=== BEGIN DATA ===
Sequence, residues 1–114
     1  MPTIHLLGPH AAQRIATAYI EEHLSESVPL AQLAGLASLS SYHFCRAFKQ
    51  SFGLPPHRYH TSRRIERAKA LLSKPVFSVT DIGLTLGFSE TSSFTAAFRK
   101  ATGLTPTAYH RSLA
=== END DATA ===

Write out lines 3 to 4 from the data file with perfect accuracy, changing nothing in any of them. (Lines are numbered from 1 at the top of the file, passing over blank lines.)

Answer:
    51  SFGLPPHRYH TSRRIERAKA LLSKPVFSVT DIGLTLGFSE TSSFTAAFRK
   101  ATGLTPTAYH RSLA